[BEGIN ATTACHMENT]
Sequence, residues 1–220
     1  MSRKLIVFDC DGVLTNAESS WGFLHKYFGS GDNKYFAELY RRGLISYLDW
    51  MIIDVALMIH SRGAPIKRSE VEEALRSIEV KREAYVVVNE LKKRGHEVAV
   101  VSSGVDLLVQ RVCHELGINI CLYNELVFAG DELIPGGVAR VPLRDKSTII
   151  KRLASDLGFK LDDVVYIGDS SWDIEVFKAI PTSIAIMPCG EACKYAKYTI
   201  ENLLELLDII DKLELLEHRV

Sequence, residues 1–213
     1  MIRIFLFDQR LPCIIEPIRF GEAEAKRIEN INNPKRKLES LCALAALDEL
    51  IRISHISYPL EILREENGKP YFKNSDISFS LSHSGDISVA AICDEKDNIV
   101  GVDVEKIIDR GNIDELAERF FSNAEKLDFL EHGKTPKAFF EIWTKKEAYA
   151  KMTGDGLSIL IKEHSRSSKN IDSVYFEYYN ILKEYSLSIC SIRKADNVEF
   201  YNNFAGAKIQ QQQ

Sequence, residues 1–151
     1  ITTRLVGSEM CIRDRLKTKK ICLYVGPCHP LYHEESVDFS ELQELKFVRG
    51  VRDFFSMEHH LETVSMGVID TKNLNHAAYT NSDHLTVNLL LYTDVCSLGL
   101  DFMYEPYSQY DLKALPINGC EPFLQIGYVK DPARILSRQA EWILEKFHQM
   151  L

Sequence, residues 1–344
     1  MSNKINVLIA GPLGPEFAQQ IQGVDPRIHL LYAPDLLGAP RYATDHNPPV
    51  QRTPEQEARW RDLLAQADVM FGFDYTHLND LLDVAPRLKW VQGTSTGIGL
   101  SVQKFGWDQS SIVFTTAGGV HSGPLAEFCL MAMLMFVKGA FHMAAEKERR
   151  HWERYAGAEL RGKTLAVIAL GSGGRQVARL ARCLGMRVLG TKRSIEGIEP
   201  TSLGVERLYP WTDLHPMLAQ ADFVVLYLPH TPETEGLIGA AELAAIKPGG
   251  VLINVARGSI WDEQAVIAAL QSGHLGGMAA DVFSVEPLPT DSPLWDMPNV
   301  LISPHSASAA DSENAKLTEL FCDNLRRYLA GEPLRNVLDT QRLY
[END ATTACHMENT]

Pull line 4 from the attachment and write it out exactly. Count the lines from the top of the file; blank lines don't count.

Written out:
   101  VSSGVDLLVQ RVCHELGINI CLYNELVFAG DELIPGGVAR VPLRDKSTII